I have sewn up one sleeve on the Turbulence U-necked sweater, but seaming isn't knitting. When I get home frazzled after a long day with only an hour or less to relax before bed, I don't want to do seaming, I want to KNIT! So I've started the simple garter stitch jacket. I think it was the word 'simple' in the title that attracted me. 'Simple' sounds good to me! Maybe I can manage simple without the sturm and drang that accompanies so many of my projects.
The pattern is from a book published by Vogue in the 1980s - a collection of vintage patterns. There is a picture of a model with 80s hair wearing the jacket - but no schemata or measurements. We have much better patterns these days. I also like knowing who designed a garment. Then you can look out for their pattern books and read their blogs or websites. It makes the garment feel more like a friend designed it somehow. I think one of the hardest things about knitting is finding the right patterns, and if you love a designer's work and their patterns turn out for you - Kim Hargreaves and Norah Gaughn spring to mind - it helps the selection process.
The yarn is also vintage. It's 100% wool in Aran-weight, in quite a nice soft green with flecks in the wool, and there was heaps of it, which is good, but it's not that nice to knit with. It's very 'grabby' and keeps making a butcher's knot around my yarn-holding finger, which is annoying as I have to keep stopping and undoing it. It's been treated to be machine washable, but this has made it very rough and hard, so it's more like stroking porcupines than kittens. Well, maybe I exaggerate a little. Imagine stroking baby hedgehogs, that about describes it.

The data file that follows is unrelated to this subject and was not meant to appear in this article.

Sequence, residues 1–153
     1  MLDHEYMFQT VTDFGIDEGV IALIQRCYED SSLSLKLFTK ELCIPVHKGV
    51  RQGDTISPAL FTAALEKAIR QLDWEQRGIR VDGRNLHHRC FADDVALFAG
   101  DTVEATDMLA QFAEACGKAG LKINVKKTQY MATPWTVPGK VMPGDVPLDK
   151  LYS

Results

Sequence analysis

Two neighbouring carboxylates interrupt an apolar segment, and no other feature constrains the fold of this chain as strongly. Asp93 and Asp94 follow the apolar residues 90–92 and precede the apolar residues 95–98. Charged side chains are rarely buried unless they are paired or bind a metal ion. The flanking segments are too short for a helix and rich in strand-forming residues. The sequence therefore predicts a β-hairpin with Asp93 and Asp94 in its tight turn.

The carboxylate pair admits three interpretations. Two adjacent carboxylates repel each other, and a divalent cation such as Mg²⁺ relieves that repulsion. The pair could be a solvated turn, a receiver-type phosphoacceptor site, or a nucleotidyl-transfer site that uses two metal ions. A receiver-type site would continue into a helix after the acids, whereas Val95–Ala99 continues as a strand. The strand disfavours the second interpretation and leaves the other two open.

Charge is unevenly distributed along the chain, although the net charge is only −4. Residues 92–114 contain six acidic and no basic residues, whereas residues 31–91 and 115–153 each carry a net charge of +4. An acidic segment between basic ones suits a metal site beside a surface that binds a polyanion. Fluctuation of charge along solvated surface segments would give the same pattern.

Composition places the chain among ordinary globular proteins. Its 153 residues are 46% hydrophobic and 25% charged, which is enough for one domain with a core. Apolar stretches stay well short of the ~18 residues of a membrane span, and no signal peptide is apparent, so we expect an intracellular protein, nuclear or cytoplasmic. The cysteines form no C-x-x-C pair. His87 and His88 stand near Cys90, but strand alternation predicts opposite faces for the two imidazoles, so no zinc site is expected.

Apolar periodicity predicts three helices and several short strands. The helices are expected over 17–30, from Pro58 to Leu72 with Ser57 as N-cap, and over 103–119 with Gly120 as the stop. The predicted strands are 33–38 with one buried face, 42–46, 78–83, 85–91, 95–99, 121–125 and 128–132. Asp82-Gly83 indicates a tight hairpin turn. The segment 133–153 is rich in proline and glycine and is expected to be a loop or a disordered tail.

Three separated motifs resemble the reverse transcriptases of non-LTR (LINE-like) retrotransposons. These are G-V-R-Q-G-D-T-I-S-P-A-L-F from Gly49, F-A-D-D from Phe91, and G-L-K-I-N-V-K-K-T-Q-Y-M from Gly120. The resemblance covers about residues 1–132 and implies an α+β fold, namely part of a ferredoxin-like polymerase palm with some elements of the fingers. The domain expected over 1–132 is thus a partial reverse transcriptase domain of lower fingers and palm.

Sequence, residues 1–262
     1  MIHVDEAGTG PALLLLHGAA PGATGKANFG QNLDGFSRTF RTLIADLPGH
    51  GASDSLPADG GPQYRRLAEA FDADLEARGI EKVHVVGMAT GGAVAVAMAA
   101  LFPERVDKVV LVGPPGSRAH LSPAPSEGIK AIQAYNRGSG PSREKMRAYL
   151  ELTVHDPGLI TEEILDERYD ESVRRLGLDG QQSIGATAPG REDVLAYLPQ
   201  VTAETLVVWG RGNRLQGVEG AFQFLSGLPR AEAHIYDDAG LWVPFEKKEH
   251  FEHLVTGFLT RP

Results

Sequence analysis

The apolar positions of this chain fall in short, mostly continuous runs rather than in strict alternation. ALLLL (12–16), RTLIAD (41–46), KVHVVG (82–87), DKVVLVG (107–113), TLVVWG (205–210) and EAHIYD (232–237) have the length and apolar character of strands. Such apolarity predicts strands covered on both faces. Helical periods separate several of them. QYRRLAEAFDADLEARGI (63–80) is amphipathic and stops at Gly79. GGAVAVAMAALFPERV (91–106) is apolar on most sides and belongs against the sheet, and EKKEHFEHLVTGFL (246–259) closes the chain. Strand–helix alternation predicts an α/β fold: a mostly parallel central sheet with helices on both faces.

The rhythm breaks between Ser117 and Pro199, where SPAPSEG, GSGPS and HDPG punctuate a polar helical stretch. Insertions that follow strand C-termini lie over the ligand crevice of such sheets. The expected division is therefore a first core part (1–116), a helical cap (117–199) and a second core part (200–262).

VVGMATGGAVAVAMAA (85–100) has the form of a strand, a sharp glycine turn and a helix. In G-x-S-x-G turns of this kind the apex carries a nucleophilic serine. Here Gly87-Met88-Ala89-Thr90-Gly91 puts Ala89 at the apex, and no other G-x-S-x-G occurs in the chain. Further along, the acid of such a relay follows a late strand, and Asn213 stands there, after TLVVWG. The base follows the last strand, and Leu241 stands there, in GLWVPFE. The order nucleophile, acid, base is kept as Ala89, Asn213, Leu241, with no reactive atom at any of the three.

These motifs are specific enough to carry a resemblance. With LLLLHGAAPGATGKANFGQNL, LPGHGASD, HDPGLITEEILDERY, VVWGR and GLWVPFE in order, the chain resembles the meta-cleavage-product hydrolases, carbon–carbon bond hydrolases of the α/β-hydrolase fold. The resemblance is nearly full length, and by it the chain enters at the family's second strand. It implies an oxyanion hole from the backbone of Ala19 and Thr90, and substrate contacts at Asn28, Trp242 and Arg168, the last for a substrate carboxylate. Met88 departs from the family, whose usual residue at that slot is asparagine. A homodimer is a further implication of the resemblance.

I saw an advert for Yeoman Yarns in December's copy of Yarn Forward, so I've sent off for the shade card. Their double knit acrylic is only 79p a ball - and the advert promises it's much better quality than the acrylic you can buy on a market stall. I used Robin acrylic from a market stall to knit a 50s 'Ladies Jacket'. Luckily my knitting was so awful that it had to go to the trash can. I say luckily, because although the acrylic was a nice colour and knit well, it did look cheap and naff in a finished garment. I tried it on with the tweed skirt it was knitted to go with. The skirt is a good one in a beautiful fabric (a Paul Costelloe snapped up in a sale) and the acrylic knitted fabric looked so wrong above it. Even though I use thrift shop finds for my test garments, I still always start out with the hope that they will be wearable!
I'm already thinking that I'll need to make another Turbulence before I knit the 'real' one. This is because I'm going to add waist shaping to the next one, and knit the sleeves in the round. That's two changes to test out before launching into one knit in expensive wool. I also want to make one in a dark colour. If the boxy shape of the garment still makes my middle-aged middle looked even more middle-aged than it is, even knit in a nice dark Gothic colour, then I'll save the lovely Jaeger for another project.